State still responsible for its inmates in county jails who need ‘basic necessities of life’
In court papers, state officials said they are no longer responsible for the care of the offenders affected by the state’s plan to relieve prison overcrowding by shifting the responsibility of low-level offenders from state to county control. A three-judge federal court disagreed, ruling that the state still owed a duty to disabled offenders in county jails.
Justice Stephen Reinhardt, speaking for the court, said the state is still responsible for the care of inmates who are in need of “basic necessities of life” such as “wheelchairs, sign language interpreters, accessible beds, toilets, and tapping canes.”
Although the court did not require the state to provide financial assistance to inmates or to county lockup facilities, the court found the state responsible for tracking those inmates and providing them with the means to file grievances.
State legislators recently amended California law to allow certain parole violators and those awaiting parole revocation hearings to be housed in county jails to thwart prison overcrowding.
The amendment places some parole violators and detainees in county jails under the “legal custody and jurisdiction of local county facilities.”
The state argued the law placed the responsibility of those inmates on county jail administrators. However, under the new law the state is still responsible for initiating parole revocation hearings and inmates going on state parole once released from the jails.
The court ruled that the state is still responsible for assisting county jails in providing “reasonable accommodations to the disabled prisoners and parolees that they house in county jails.”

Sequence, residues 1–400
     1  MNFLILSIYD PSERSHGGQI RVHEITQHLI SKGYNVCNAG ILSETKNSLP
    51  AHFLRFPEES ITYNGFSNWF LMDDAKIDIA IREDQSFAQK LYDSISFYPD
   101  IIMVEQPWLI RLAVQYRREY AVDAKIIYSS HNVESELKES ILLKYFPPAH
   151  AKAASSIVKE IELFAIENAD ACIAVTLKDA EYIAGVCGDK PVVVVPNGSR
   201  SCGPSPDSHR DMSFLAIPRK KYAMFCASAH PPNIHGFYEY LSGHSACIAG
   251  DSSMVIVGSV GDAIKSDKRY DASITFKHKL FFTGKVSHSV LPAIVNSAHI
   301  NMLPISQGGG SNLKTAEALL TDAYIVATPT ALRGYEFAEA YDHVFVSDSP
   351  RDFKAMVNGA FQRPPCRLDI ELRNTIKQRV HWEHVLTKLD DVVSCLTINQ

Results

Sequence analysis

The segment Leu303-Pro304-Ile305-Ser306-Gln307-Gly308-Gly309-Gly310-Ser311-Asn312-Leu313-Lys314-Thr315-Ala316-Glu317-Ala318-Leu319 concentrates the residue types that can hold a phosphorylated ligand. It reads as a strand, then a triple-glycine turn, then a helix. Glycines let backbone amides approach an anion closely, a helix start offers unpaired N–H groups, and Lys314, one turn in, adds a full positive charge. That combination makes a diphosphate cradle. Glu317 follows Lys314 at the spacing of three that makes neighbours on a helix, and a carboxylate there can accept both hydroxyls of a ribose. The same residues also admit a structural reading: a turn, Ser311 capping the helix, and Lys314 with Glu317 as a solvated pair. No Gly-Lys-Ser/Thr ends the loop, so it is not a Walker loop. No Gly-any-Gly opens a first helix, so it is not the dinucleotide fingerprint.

Disabled inmates caught in the middle of this legal struggle are being forced into the “vulnerable position of being dependent on other inmates to enable them to obtain basic services,” reports the Los Angeles Times.
A second issue before the court is the state’s belief that the court’s order infringes on California’s right to restructure its criminal justice system in a way that bests suits its needs.
The court rejected this argument characterizing its order as “minimal measures” issued to protect the civil rights of disabled inmates. The “minimal measures” the court is now requiring the state to adhere to are “notifications, collection of data, and reports to county officials” on the needs of disabled inmates in county jails due to Realignment.
The court’s order stopped short of compelling the state to take any actions against county officials for not providing for the basic needs of disabled inmates.
The court pointed out that the state is already assuming responsibility for disabled life-term parolees and out-to-court inmates housed in county jails.
The court did not believe that the recent order would cause any extra burden on the state beyond what it was already doing.
“California’s ambitious restructuring of the criminal justice system should not merely push state prison ills onto county government,” The Press Enterprise editorial reports. The editorial points out that county jails are now being sued for the same issues plaguing its prison system surrounding mental and medical health care. “County jails were not designed for long-term stays with the health care, education and other services such confinement requires.”